The Institute for Democracy “Societas Civilis” Skopje held a presentation of the study “The Populist Citizen: Why do the citizens support populist leaders and policies in North Macedonia?”, which investigates the societal demand for populist leaders and policies in North Macedonia.
Vlora Rechica, Researcher and Head of the Centre for Parliamentary Support and Democratization at the Institute for Democracy, gave opening remarks at the event. She said that following the work of many leading scholars the study argues “that populism exists as a set of widespread attitudes among the people and that these attitudes must be explored for us to understand what triggers populism demand,” adding that “the starting point of the study was the definition of populism as a “thin” ideology that assumes that the society is, above all, divided into two homogeneous and conflicting groups – the “common people” on the one hand and the “corrupt elite” on the other; and which argues that politics must be an expression of the general will of the people.”
The keynote speech was delivered by leading scholar of populism and the radical right, Professor Cas Mudde from the School of Public and International Affairs, University of Georgia.
Mudde said that populism is a thin ideology that considers societies to be openly separated into two homogeneous and antagonistic groups – the pure people versus the corrupted elite.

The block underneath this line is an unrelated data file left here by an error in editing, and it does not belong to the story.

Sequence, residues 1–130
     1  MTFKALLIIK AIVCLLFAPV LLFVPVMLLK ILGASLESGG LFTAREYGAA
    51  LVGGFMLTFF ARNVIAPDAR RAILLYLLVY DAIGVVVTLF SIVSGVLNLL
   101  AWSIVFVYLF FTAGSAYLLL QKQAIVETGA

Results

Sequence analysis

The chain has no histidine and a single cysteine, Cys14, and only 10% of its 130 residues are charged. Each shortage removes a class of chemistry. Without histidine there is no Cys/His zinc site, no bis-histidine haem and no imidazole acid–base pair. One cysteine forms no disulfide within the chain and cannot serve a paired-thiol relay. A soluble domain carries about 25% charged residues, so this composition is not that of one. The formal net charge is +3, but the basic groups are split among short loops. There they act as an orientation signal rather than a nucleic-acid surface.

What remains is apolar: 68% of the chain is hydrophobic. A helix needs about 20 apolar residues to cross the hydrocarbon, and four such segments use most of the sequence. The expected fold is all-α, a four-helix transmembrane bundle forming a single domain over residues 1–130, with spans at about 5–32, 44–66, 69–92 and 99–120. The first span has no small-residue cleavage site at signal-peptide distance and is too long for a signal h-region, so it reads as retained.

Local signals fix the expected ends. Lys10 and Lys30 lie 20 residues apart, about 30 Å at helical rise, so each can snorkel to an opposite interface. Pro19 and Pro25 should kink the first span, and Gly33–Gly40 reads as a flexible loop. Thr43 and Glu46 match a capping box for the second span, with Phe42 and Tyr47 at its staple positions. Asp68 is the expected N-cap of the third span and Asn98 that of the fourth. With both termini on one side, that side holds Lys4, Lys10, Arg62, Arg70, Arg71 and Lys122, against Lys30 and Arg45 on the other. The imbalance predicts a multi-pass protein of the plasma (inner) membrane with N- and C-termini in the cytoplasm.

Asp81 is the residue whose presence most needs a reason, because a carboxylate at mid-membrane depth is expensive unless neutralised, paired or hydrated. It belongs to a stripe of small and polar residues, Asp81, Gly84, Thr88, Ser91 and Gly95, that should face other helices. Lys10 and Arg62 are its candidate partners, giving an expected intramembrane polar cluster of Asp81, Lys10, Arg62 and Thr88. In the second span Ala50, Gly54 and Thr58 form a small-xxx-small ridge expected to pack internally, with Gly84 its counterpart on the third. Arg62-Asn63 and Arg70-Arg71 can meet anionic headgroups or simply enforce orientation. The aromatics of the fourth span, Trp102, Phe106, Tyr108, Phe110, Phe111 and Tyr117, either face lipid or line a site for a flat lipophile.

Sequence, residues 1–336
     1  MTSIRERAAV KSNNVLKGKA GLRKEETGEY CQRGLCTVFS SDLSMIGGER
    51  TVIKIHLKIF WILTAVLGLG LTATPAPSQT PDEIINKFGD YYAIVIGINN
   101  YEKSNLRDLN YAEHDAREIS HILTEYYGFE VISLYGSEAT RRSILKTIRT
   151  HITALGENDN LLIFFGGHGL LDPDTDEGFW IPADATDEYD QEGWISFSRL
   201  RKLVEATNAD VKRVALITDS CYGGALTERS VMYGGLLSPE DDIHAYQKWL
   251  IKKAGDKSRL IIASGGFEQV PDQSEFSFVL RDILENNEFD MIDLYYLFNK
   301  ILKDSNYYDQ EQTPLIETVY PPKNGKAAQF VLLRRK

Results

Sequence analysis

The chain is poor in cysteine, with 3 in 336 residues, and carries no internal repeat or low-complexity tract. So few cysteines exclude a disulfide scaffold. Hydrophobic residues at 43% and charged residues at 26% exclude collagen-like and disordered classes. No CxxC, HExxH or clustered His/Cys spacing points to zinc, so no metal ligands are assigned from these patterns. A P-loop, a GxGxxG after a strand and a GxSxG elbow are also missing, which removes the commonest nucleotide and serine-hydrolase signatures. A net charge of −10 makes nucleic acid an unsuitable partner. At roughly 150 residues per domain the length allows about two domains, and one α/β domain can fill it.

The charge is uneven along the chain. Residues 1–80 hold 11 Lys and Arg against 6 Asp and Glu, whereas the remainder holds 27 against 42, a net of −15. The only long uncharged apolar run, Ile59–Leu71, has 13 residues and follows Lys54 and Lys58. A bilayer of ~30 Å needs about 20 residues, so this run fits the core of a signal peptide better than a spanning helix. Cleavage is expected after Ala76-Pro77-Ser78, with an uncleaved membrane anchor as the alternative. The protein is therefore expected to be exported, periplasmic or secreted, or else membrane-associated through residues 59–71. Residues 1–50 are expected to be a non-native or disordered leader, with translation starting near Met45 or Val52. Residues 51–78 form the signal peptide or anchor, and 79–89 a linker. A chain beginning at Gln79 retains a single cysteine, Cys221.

“Theoretically, at the heart of populism is antagonism to liberal democracy. Populism is always problematic for liberal democracy because it doesn’t accept pluralism and it doesn’t accept compromise, the core of democratic systems. Today, in Europe, the populist threat very clearly comes from the right-wing. Populism is illiberal democratic, it does want people to elect their leaders, and it does believe that politics should follow the general will of the people. At the same time, it doesn’t accept minority rights, has problems with separation of powers and the rule of law”, emphasized Mudde.
The study findings were presented by Misha Popovikj, Senior Researcher and Head of the Centre for Good Governance at the Institute for Democracy and Jovan Bliznakovski, Assistant Professor at the Institute of Sociological, Political and Juridical Research, Ss. Cyril and Methodius University and associate at the Institute for Democracy.
Talking about the findings from the study, Popovikj said that there is no particular association between personality traits and populist disposition.
“Actually, we find some relationship with social space of values which are politically contextual. They are, of course, accumulated values but they can be overtime changed with policy intervention. Similarly, there can be policy intervention that can decrease the acceptability of the population to conspiracy theories”, stressed Popovikj.
According to Bliznakovski, as the trust in institutions drops, populist thinking goes up.
“Whenever people believe that they are excluded from the system, whenever they believe that they don’t get their voices heard, it amplifies the populist ideology within a person. Secondly, we found that people who believe more in conspiracy theories also tend to engage in populist ideology. And finally, authoritarianism also amplified populism”, said Bliznakovski.
You can read the study in the English language here:
You can read the study in the Macedonian language here:
You can read the study in the Albanian language here:
You can watch the video from the discussion here: